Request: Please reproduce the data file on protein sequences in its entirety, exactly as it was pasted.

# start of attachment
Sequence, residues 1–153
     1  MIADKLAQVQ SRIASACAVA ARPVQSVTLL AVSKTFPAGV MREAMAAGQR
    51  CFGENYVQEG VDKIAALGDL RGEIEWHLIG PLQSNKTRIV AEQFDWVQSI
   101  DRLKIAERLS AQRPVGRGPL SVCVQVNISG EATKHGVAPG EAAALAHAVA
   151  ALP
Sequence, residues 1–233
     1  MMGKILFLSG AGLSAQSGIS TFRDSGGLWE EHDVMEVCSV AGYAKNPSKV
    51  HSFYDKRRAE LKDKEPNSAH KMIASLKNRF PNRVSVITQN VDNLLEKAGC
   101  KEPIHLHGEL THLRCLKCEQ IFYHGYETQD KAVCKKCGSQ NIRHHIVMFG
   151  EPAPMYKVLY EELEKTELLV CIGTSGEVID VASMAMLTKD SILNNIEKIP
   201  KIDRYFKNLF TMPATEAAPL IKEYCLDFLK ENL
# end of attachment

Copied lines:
Sequence, residues 1–153
     1  MIADKLAQVQ SRIASACAVA ARPVQSVTLL AVSKTFPAGV MREAMAAGQR
    51  CFGENYVQEG VDKIAALGDL RGEIEWHLIG PLQSNKTRIV AEQFDWVQSI
   101  DRLKIAERLS AQRPVGRGPL SVCVQVNISG EATKHGVAPG EAAALAHAVA
   151  ALP
Sequence, residues 1–233
     1  MMGKILFLSG AGLSAQSGIS TFRDSGGLWE EHDVMEVCSV AGYAKNPSKV
    51  HSFYDKRRAE LKDKEPNSAH KMIASLKNRF PNRVSVITQN VDNLLEKAGC
   101  KEPIHLHGEL THLRCLKCEQ IFYHGYETQD KAVCKKCGSQ NIRHHIVMFG
   151  EPAPMYKVLY EELEKTELLV CIGTSGEVID VASMAMLTKD SILNNIEKIP
   201  KIDRYFKNLF TMPATEAAPL IKEYCLDFLK ENL